Colloquium - Howard Haber (UC Santa Cruz) - Does the Higgs Boson Portend the End of Particle Physics?

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Howard Haber (UC Santa Cruz) 10/24/17 colloquium speaker
October 24, 2017
3:45PM - 4:45PM
Location
1080 Physics Research Building - Smith Seminar Room - reception at 3:30 pm in the Atrium

Date Range
Add to Calendar 2017-10-24 15:45:00 2017-10-24 16:45:00 Colloquium - Howard Haber (UC Santa Cruz) - Does the Higgs Boson Portend the End of Particle Physics?

The Higgs boson was initially proposed in 1964 and was finally discovered at the Large Hadron Collider (LHC) in 2012.   With the Higgs boson discovery, the Standard Model of Particle Physics is now complete.   But, does this signal the end of discoveries in particle physics?  In this talk, I shall first discuss why the Higgs boson was an essential ingredient of the Standard Model.  I will then review the current experimental status of the Higgs boson and future prospects for precision studies of its properties.  Finally, I will explain why new physics beyond the Standard Model must exist and whether evidence for such new phenomena is likely to emerge at the LHC and/or the next generation of collider facilities.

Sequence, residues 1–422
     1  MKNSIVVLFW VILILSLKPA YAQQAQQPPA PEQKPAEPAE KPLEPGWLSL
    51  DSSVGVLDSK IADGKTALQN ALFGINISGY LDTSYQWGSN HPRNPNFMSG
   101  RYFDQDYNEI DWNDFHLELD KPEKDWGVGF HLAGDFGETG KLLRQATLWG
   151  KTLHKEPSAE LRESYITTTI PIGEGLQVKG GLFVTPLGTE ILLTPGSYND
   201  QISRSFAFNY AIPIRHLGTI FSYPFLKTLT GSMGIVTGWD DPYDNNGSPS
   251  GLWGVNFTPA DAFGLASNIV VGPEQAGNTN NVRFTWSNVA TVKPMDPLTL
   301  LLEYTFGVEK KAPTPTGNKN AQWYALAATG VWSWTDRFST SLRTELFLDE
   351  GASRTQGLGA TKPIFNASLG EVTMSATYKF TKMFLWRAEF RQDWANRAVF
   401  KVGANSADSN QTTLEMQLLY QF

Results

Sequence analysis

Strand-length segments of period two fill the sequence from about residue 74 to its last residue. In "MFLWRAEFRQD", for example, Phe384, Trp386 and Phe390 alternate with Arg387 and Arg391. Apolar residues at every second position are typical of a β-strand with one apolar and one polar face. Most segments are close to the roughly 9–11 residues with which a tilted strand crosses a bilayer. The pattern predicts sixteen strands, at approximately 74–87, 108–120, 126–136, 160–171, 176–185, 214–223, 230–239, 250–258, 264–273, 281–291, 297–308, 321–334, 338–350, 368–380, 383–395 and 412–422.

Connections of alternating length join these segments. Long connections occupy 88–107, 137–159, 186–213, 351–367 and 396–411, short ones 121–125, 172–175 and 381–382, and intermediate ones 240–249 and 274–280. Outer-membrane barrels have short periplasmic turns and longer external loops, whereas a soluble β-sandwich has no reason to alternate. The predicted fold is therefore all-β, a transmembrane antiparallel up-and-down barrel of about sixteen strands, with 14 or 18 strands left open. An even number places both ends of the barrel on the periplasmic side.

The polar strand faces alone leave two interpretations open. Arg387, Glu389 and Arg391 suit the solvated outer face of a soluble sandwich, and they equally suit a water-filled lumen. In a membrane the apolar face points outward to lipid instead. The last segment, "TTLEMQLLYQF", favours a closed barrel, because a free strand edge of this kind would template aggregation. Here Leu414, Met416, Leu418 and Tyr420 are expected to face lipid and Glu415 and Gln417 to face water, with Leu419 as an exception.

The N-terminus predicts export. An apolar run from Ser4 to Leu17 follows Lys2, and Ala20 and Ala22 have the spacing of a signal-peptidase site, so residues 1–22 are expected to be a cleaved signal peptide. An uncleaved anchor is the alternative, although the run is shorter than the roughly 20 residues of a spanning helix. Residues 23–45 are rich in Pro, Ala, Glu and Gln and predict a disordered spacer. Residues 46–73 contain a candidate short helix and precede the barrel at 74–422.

1080 Physics Research Building - Smith Seminar Room - reception at 3:30 pm in the Atrium Department of Physics physics@osu.edu America/New_York public
Description

The Higgs boson was initially proposed in 1964 and was finally discovered at the Large Hadron Collider (LHC) in 2012.   With the Higgs boson discovery, the Standard Model of Particle Physics is now complete.   But, does this signal the end of discoveries in particle physics?  In this talk, I shall first discuss why the Higgs boson was an essential ingredient of the Standard Model.  I will then review the current experimental status of the Higgs boson and future prospects for precision studies of its properties.  Finally, I will explain why new physics beyond the Standard Model must exist and whether evidence for such new phenomena is likely to emerge at the LHC and/or the next generation of collider facilities.